Wholesaler BJ’s (NYSE:BJ) raised $638 million last week thanks to an IPO at $17 per share — the high end of its range. Already, the stock is sitting around 25% higher than that price.
For those not familiar, BJ’s is a warehouse club a la Walmart’s (NYSE:WMT) Sam’s Club or Costco (NASDAQ:COST). According to its prospectus, it offers shoppers 25% cheaper prices than traditional supermarkets.The company operates on the east coast, with locations in 16 states from Maine to Florida.
While this was the busiest week of the year for initial public offerings, BJ’s IPO stands out. Why? Because this isn’t the first time BJ’s will be a public company. Here are five things to know about this unique IPO:
More About BJ’s IPO
1. BJ’s went private seven years ago. BJ’s put itself up for sale in early 2011. A few months later private equity firms Leonard Green & Partners and CVC Capital Partners bought the company $2.8 billion ($51.25 per share). At the time, Marketwatch reported that the buy was the eighth largest U.S. retail transaction on record. Going private was seen as appealing, analysts said, because the company could take on a national rollout without worrying what those costs would do to the bottom line.
2. BJ’s wants to pay off debt. When it went private, BJ’s had 190 members-only grocery clubs. Now, according to its website, it has 215 clubs with over 5 million members. Membership fees have increased in each of the last 20 years and the company’s membership renewal rate was at an all-time high of 86% last year, it said. Once again, all of its locations are on the east coast. The reason for the second BJ’s IPO? The company wants to use some of the money it raises to pay off its $2.4 billion in debt. It’s selling 37.5 million shares; private owners will retain almost 70% of the company.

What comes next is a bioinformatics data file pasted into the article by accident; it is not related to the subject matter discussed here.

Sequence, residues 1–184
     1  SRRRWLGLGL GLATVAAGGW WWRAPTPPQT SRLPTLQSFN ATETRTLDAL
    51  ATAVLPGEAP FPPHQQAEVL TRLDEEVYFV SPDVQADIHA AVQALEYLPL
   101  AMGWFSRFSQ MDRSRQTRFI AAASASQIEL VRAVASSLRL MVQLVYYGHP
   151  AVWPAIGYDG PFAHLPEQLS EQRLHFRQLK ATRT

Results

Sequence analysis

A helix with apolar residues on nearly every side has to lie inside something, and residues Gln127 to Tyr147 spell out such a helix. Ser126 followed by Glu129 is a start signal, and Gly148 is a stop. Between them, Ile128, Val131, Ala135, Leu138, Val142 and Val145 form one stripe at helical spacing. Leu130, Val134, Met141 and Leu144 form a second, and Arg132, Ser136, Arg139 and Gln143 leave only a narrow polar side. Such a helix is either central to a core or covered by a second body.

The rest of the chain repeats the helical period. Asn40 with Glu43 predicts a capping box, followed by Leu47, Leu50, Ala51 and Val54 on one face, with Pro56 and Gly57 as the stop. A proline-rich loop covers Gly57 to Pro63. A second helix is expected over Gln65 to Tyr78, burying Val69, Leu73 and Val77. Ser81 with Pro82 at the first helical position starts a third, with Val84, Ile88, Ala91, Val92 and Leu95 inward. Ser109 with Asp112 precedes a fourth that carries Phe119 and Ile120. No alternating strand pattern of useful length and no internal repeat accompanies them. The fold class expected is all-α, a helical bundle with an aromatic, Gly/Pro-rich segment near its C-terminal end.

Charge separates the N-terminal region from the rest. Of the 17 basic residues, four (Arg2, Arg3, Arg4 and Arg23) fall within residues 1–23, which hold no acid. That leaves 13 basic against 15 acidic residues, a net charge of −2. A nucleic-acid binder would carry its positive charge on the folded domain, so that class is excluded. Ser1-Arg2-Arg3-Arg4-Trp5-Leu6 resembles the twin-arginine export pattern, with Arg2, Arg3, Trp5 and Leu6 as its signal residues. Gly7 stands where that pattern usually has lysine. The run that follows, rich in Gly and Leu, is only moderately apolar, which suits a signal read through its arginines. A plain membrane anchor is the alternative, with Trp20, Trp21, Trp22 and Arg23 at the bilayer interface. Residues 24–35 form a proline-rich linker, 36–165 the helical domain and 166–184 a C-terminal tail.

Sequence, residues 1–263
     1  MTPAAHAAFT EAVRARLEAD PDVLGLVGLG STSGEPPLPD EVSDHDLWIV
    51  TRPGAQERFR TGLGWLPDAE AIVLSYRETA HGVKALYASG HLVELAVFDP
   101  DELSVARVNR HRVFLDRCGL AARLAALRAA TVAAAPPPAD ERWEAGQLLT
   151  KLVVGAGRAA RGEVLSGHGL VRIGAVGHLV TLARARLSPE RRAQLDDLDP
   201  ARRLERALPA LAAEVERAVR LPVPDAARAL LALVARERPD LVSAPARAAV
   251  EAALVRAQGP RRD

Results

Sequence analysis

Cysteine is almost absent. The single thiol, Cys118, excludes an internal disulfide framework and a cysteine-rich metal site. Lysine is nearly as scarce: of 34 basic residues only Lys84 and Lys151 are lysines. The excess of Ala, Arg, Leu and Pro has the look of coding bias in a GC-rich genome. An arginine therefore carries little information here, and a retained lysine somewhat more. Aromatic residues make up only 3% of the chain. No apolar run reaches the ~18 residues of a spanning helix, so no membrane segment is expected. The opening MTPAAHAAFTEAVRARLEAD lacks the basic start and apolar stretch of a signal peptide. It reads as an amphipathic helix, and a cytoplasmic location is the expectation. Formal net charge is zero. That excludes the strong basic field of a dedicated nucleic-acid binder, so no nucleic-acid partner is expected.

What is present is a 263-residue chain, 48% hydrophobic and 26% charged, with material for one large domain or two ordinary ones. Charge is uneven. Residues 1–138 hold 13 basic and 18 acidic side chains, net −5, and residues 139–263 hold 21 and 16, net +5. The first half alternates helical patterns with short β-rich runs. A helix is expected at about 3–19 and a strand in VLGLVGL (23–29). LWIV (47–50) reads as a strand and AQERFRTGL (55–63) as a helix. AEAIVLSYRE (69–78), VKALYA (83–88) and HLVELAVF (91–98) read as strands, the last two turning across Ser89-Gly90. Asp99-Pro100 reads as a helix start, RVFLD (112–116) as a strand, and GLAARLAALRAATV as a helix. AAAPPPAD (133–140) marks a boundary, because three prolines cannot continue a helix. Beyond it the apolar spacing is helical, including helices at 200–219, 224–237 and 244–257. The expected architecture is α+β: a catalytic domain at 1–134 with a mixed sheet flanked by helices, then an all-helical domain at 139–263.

3. BJ’s has a lot of work to do. The grocery business is notably tough, with razor-thin margins and high competition. That’s even more so as the industry is being disrupted by technology. Amazon (AMZN) got in the game by buying Whole Foods, for instance, while established names like Wal-Mart are now offering more e-commerce options. BJ’s will have to work hard to compete. Leadership at BJ’s changed relatively recently, to that end. According to its S-1 filing, it replaced its CEO and multiple senior leaders our the last two years. They’re focused on leveraging data and creating an omnichannel experience, including same-day delivery for some items.
Last year, BJ’s made just over $50 million of profit on $12.75 billion of revenue. Over the next five years, it’s slated to grow earnings by 10% per year — not bad for the grocery biz. Sales growth is on tap to be just shy of double-digits, according to Yahoo Finance. But consumer spending is fickle and digital innovation is tough. BJ’s will definitely have to prove itself to Wall Street — again.
As of this writing, Robert Martin was long AMZN.
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